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High doses of common painkillers increase heart attack risks

By Kate Kelland

LONDON (Reuters) - Long-term high-dose use of painkillers such as ibuprofen or diclofenac is "equally hazardous" in terms of heart attack risk as use of the drug Vioxx, which was withdrawn due to its potential dangers, researchers said on Thursday.

Presenting the results of a large international study into a class of painkillers called non-steroidal anti-inflammatory drugs (NSAIDs), the researchers said high doses of them increase the risk of a major vascular event - a heart attack, stroke or dying from cardiovascular disease - by around a third.

This means that for every 1,000 people with an average risk of heart disease who take high-dose diclofenac or ibuprofen for a year, about three extra would have an avoidable heart attack, of which one would be fatal, the researchers said.

This puts the heart risks of generic NSAIDs on a par with a newer class of NSAIDs known as COX-2 inhibitors or coxibs, which includes Vioxx - a painkiller that U.S. drugmaker Merck pulled from sale in 2004 because of links to heart risks.

Other drugs in the coxib class include cerecoxib, sold by Pfizer under the brand name Celebrex, and etoricoxib, sold by Merck under the brand name Arcoxia.

"What we are saying is that they (coxibs, ibuprofen and diclofenac) have similar risks, but they also have similar benefits," said Colin Baigent of the clinical trial service unit at Britain's Oxford University, who led the study published in The Lancet medical journal on Thursday.

He stressed that the risks are mainly relevant to people who suffer chronic pain, such as patients with arthritis who need to take high doses of painkillers - such as 150mg of diclofenac or 2400mg of ibuprofen a day - for long periods.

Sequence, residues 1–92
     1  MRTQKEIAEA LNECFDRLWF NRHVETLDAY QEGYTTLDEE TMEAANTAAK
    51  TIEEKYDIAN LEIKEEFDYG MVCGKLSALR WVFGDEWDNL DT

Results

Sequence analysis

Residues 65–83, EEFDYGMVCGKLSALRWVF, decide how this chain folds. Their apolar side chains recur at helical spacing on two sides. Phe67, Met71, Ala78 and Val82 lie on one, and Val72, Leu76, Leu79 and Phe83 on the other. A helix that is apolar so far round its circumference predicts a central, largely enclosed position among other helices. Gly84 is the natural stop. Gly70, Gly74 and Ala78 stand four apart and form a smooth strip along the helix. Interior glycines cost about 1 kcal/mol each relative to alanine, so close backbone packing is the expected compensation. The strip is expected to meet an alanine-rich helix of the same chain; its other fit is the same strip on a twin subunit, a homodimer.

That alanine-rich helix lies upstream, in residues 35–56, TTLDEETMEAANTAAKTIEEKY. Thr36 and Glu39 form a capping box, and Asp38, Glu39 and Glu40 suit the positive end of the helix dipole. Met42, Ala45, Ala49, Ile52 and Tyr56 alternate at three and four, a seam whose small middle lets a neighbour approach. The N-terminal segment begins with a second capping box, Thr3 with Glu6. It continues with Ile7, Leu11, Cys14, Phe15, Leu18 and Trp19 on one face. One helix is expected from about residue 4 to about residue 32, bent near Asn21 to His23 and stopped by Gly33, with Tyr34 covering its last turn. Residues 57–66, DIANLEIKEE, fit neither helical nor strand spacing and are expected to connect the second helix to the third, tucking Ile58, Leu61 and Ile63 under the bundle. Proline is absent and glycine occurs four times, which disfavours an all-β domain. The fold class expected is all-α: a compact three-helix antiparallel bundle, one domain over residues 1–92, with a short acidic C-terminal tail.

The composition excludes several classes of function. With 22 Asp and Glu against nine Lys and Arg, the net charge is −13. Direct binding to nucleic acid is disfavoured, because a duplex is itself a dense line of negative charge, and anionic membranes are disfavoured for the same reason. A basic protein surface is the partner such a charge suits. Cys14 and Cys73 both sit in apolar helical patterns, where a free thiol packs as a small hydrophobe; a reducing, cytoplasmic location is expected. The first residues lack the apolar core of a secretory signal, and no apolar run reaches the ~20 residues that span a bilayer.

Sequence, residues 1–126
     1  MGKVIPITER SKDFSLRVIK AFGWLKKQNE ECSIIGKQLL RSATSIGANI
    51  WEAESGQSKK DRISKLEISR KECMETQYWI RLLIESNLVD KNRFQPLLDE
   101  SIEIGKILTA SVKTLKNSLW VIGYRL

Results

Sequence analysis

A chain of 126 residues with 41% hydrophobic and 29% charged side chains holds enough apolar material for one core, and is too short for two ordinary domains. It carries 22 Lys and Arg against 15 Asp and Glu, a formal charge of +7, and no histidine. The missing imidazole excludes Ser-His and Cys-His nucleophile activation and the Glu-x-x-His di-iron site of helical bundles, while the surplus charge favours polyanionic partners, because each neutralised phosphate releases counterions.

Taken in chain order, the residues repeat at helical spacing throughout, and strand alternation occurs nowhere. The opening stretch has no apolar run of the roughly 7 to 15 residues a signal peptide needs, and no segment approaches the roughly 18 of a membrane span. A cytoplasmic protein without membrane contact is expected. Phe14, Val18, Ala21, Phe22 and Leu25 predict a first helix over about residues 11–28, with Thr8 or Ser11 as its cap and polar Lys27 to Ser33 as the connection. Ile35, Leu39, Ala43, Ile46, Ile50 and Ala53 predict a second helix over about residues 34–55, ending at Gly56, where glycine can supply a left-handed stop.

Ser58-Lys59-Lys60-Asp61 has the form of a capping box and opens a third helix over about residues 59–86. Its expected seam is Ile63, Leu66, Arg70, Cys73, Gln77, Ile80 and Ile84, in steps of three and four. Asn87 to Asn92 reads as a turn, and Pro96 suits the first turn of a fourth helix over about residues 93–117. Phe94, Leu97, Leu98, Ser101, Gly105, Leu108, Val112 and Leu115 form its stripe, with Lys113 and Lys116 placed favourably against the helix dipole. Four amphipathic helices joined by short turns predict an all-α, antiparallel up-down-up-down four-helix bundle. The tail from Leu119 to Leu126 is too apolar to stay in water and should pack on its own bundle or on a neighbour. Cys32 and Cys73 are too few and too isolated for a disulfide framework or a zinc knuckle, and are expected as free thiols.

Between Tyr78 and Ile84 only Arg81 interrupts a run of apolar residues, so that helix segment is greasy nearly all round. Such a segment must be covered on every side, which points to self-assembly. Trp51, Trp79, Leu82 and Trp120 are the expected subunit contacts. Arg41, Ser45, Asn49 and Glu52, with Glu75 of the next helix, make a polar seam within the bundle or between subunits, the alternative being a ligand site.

"A short course of lower dose tablets purchased without a prescription, for example, for a muscle sprain, is not likely to be hazardous," he said.

BALANCING RISKS AND BENEFITS

The study team gathered data, including on admissions to hospital for cardiovascular or gastrointestinal disease, from all randomized trials that have previously tested NSAIDs.

This allowed them to pool results of 639 randomized trials involving more than 300,000 people and re-analyze the data to establish the risks of NSAIDs in certain types of patients.

In contrast to the findings on ibuprofen and diclofenac, the study found that high doses of naproxen, another NSAID, did not appear to increase the risk of heart attacks. The researchers said this may be because naproxen also has protective effects that balance out any extra heart risks.

Baigent said it was important patients should not make hasty decisions or change their treatment without consulting a doctor.

"For many arthritis patients, NSAIDs reduce joint pain and swelling effectively and help them to enjoy a reasonable quality of life," he said. "We really must be careful about the way we present the risks of these drugs.

"They do have risks, but they also have benefits, and patients should be presented with all those bits of information and allowed to make choices for themselves."

Donald Singer, a professor of clinical pharmacology and therapeutics at Britain's Warwick University, who was not involved in the study, said its findings "underscore a key point for patients and prescribers: powerful drugs may have serious harmful effects".

"It is therefore important for prescribers to take into account these risks and ensure patients are fully informed about the medicines they are taking," he said in an emailed comment.

(Reporting by Kate Kelland; Editing by Pravin Char)

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